A future Hall of Famer, Moss is a former first-round pick of the Minnesota Vikings, where he spent the first seven years of his career. Wildly talented, he was also considered an underachiever, regularly accused of pulling up on routes, refusing to block, and taking plays off altogether.

And it was this reputation that led to the Vikings trading him to Oakland in 2005, where Moss had two of his worst NFL seasons, prompting speculation that his best days were behind him.

Then the Patriots acquired Moss during the 2007 NFL Draft for a fourth-rounder and it revitalized his career.

In his first season in New England, and with Tom Brady under center, Moss caught 98 passes for 1,493 yards and 23 touchdowns. He was an integral part of the NFL's most explosive offense and helped lead the Patriots to an 18-0 record before the Giants upset them in the Super Bowl.

The Patriots traded Moss back to Minnesota last season, where he lasted four games before the Vikings released him. He played the final eight games with the Titans, where he caught just six passes for 80 yards and no touchdowns.

Segal told the AP earlier this summer that the receiver was training hard and determined to prove to the doubters that he could still dominate the game like he had in the past. "Randy has been a great player for a long time," said Bob Pruett, Moss' college coach at Marshall. "He's choosing this on his own terms and I think that's good. If that's what he wants to do, that's what he should do."

More via the AP:
Throughout his career, Moss earned the reputation as one of the most dangerous players in the game, when he wanted to be. His combination of size, speed and intelligence has rarely been seen for a player at his position, and he deserves some credit for the influx of Cover 2 defenses throughout the NFL that were designed in large part to prevent Moss from burning them down the field.

Trouble off the field in high school prevented Moss from attending Notre Dame or Florida State, so he landed at Marshall and scored 54 touchdowns in two electrifying seasons with the Thundering Herd.

The off-field questions hurt Moss in the 1998 draft. He fell to the Vikings at pick No. 21 and he spent the next seven years making every GM in the league who passed on him regret it. He scored 17 touchdowns as a rookie to help the Vikings reach the NFC title game and only once failed to score at least 10 TDs in a season in his first tour with the team.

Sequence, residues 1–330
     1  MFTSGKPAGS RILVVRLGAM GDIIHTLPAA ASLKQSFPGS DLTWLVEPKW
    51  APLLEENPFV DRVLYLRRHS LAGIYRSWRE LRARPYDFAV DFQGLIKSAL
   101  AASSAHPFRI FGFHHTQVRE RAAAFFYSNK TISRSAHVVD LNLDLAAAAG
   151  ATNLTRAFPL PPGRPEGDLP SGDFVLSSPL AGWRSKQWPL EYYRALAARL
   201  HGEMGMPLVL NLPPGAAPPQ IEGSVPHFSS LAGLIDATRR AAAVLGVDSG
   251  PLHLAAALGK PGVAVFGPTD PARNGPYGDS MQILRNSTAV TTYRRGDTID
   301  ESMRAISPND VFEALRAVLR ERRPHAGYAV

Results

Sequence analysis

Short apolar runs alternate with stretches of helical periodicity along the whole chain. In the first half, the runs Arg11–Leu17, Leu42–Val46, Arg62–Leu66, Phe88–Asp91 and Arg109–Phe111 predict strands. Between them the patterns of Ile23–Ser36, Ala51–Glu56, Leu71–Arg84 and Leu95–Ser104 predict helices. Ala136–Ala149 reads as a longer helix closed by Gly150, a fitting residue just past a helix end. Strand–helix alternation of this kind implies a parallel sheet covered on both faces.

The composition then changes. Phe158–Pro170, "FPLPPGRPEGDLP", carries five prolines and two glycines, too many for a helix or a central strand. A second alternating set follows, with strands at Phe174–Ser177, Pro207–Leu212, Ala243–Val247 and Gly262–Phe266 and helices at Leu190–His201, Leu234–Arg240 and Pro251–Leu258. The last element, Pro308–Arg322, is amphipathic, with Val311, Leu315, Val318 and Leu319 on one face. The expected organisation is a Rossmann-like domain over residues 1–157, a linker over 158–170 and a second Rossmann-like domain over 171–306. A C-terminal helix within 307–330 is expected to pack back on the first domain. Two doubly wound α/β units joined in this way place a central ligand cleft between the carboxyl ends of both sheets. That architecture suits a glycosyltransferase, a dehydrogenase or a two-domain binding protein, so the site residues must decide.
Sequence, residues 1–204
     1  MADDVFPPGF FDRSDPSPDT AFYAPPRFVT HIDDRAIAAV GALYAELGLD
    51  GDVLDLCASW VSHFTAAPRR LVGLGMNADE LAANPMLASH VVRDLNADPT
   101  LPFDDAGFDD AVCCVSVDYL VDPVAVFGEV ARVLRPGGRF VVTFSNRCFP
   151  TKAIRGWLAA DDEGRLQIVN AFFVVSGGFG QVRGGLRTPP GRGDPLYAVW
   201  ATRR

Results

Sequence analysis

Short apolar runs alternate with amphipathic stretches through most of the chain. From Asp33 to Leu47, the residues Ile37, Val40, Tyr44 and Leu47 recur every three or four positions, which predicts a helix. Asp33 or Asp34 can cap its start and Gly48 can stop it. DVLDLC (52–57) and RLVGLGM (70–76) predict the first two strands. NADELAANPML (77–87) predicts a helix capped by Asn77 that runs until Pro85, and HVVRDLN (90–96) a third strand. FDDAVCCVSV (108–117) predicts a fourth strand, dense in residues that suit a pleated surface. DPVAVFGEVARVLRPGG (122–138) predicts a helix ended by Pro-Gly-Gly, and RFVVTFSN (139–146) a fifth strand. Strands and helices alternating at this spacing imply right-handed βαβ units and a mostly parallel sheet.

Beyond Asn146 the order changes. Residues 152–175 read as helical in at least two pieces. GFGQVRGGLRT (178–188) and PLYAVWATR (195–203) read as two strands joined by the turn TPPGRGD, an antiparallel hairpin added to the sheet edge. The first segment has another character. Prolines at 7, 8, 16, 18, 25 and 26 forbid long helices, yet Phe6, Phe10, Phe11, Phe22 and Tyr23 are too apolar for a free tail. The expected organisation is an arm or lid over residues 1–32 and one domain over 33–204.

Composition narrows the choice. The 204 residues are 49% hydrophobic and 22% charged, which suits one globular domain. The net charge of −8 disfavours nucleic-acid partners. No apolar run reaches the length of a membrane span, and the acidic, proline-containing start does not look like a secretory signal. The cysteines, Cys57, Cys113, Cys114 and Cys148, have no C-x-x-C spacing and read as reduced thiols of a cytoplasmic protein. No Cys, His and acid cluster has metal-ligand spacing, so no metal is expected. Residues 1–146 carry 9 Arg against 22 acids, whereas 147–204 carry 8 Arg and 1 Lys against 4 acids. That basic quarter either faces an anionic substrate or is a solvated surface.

He also got into several controversies along the way, bumping a traffic cop in downtown Minneapolis, squirting a referee with a water bottle during a game and leaving the field early in a game against Washington, just to name a few.
Before he announced his retirement Monday, Moss was one of the last high-profile players still on the free-agent market. As for the possibility that Moss stays retired, CBSSports.com's Clark Judge writes that "...[H]e's 34, for crying out loud, so there's plenty of time for him to pull a Brett Favre. All that's missing is the interest ... and what happened Monday tells you it wasn't there."

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Posted on: July 14, 2011 12:32 pm
Edited on: July 14, 2011 12:35 pm
 

Even if Randy Moss is in shape, will it matter?

MossPosted by Josh Katzowitz

WR Randy Moss, who was tossed around the NFL last year like he was some kind of moody player with noticeably thinning talent (imagine that!), wants to become a force once again in pro football.

Basically, he wants to become the “old Randy Moss” when he was a moody, ultra-talented receiver that actually made an impact in the games he played. And coincidentally, that’s exactly what he’s become, at least according to his agent.

Not only that, Joel Segal told NFL.com that Moss is in “freakish” shape and is ready for the lockout to conclude so he can sign with his next employer.

"Randy has been working out, two-a-days, all spring and summer in West Virginia," Segal said. "He is determined, motivated and, quite frankly, has a huge chip on his shoulder. Whatever team ends up getting Randy, they're going to know they're getting the old Randy Moss. He's not just coming in to be on the team, he's going to be Randy Moss -- a difference maker."

Moss, though, has a few problems. He’s 34 years old, and his skills, simply put, have declined (perhaps “sharply” declined). Patriots coach Bill Belichick had no problem getting rid of him last year, and after butting heads with former Vikings coach Brad Childress, Moss found himself a non-entity with the Titans.

With the three teams last year, he combined for 28 catches. Yet, he managed to catch five touchdown passes, which lends credence to the opinion that Moss retains some of his deep-ball and jump skills. But other than that skill set, Moss has become a much more limited player.

Which might mean that no matter how freakishly in shape Moss is right now, it won’t really matter to those who sign free agents. His age certainly won’t change and I can’t imagine that his attitude will either. And unless Moss has the older-age skills of Terrell Owens (also, ahem, a free agent), his career as a viable NFL player is in jeopardy.

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The views expressed in this blog are solely those of the author and do not reflect the views of CBS Sports or CBSSports.com